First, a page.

Further research5 exposed the risk of driving over the legal alcohol limit due to a lack of understanding of alcohol measures, which saw people pour excessively large glasses containing several units of alcohol. In a practical experiment testing drivers’ ability to pour set limits of alcohol, 56 per cent of participants over poured when asked to fill a glass with standard pub measures of wine. 

The experiment tested 100 drivers’ ability to free pour pub standard measures of alcohol, investigating whether when drinking at home drivers could be over the legal alcohol limit without realising. Over half (51 per cent) of participants poured more than 125ml when asked to fill a glass with this measure, 13 per cent poured at least a 175ml sized glass and one in 20 poured over 200ml. When asked to pour out a 175ml glass, nearly two thirds (62 per cent) over poured and 14 per cent poured the equivalent of at least a 250ml glass of wine containing a minimum of 3.2 units6 of alcohol.

Spirits are even tougher to estimate, with three quarters (75 per cent) of participants over pouring a single 25ml spirit measure and one in six (18 per cent) pouring at least a double (50ml) instead of a single.  When asked to pour a double, nearly two thirds (63 per cent) poured more than the correct 50ml of spirits. Almost a quarter (24 per cent) poured at least a treble (75ml) and one in 12 (eight per cent) went so far, they poured 100ml, a quadruple measure. Pouring spirits over ice led to a greater proportion of participants overpouring both a single (77 per cent) and a double (64 per cent) measure.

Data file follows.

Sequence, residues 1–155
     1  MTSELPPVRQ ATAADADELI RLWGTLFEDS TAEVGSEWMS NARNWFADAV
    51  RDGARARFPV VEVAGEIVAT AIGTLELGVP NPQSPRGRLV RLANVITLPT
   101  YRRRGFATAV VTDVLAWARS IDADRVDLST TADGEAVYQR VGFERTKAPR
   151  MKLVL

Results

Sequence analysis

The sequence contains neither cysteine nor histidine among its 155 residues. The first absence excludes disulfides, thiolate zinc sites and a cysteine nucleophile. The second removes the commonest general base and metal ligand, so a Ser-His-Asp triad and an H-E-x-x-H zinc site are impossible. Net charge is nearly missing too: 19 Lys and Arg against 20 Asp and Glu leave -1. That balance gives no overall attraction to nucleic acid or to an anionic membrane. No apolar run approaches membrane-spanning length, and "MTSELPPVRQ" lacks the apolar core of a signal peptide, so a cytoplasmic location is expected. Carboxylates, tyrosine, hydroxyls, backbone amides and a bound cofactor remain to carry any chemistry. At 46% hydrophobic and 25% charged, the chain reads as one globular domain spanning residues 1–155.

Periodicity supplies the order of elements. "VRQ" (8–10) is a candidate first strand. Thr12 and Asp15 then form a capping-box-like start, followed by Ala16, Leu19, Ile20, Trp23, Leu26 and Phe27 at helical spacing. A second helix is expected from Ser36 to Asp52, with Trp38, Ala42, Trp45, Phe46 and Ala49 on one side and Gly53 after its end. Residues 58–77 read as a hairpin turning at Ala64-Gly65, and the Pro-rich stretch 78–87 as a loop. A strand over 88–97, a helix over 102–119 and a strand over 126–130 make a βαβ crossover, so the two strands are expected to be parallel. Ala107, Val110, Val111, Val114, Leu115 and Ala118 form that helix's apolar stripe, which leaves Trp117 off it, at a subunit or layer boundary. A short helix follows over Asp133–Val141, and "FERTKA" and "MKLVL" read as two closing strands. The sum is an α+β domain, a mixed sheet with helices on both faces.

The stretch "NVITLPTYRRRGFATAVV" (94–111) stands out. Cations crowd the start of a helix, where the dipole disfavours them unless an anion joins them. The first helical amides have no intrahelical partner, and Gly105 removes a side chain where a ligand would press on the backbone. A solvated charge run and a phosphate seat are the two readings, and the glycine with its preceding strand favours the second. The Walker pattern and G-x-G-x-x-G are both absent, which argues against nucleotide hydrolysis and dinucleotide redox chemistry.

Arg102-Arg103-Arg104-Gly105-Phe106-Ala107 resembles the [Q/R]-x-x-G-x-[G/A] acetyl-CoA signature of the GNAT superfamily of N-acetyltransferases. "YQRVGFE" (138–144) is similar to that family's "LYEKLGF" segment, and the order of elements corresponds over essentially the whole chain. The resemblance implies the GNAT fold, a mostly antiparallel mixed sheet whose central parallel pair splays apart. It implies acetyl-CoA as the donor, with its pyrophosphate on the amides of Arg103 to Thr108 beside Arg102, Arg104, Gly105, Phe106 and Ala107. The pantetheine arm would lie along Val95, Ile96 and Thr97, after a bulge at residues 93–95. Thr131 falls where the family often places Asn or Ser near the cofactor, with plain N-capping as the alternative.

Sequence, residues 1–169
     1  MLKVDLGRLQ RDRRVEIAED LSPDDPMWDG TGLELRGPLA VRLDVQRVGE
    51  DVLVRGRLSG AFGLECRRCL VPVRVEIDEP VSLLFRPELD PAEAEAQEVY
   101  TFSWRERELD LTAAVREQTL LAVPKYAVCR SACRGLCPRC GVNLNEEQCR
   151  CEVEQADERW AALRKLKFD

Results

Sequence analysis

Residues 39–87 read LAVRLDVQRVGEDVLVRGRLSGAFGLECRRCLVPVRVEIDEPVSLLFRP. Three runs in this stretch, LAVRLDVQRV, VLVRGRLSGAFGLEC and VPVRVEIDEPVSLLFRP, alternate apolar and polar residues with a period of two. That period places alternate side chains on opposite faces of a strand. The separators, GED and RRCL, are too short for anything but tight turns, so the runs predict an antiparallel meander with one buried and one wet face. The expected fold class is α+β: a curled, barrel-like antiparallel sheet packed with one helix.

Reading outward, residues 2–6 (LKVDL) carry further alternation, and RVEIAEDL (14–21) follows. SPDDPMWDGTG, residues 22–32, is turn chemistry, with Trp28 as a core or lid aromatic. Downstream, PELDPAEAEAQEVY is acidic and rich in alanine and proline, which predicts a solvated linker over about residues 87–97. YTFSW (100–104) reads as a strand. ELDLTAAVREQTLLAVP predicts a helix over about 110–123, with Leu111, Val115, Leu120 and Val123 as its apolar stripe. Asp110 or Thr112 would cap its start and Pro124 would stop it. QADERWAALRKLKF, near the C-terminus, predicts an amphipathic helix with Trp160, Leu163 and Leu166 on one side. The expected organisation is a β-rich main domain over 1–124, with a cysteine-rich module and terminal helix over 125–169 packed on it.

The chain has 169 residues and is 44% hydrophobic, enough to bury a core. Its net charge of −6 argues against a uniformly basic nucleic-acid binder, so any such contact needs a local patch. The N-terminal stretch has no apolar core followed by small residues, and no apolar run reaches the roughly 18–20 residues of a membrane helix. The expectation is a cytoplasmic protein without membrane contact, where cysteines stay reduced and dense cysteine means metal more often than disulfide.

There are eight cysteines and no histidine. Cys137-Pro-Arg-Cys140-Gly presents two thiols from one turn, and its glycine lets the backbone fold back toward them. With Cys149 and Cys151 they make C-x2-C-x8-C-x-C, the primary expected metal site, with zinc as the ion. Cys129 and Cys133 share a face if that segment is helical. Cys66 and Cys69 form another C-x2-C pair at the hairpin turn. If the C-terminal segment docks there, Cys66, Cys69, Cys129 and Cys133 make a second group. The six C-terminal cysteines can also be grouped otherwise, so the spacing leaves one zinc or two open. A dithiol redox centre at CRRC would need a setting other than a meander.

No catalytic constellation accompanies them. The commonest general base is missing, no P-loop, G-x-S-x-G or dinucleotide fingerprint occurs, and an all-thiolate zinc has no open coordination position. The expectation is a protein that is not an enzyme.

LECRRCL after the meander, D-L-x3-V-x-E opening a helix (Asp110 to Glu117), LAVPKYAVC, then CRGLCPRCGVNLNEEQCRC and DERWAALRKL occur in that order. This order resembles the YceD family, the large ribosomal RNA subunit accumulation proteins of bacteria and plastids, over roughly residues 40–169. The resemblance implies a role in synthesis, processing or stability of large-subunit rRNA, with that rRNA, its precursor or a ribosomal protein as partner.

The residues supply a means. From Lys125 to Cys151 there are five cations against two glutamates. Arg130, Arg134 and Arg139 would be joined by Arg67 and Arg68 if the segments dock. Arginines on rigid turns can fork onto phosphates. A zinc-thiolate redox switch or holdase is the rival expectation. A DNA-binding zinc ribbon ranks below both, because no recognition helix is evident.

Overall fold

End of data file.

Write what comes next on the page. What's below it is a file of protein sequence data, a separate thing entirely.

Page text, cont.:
- ENDS -

Notes to Editors


  1. Direct Line analysis of Ministry of Justice data from 2009 – 2018, published 16th May 2019. No update to the Motoring Data Pivot was provided in 2020.
  2. Direct Line analysis of Department for Transport data covering screening breath tests by reason for test, time and day, 2010-2019. Data published 30 September 2020
  3. “Reported road casualties in Great Britain: provisional estimates involving illegal alcohol levels:        2018”, published by the Department for Transport on 12th February 2020
  4. “Breath test statistics – Police powers and procedures, 2019/20”, published by the ONS on 27th October 2020.
  5. 100 participants with ages ranging from 18-86 participated in the experiment, which took place in July 2020. The gender split was 56% women and 44% men. Participants were asked to free pour their standard home measures of both wine and spirits and then pour what they believed to be 125ml and 175ml glasses of wine and 25ml and 50ml measures of spirits, both with and without ice.
  6. https://www.drinkaware.co.uk/facts/alcoholic-drinks-and-units/units-and-calories-in-alcoholic-drinks/red-wine

For further information please contact:

Simon Henrick 
PR Manager (Motor)
Direct Line Group

Tel: 01651 831 668
Email: [email protected]

Samantha Stewart

Citigate Dewe Rogerson

[email protected]

0207 025 6497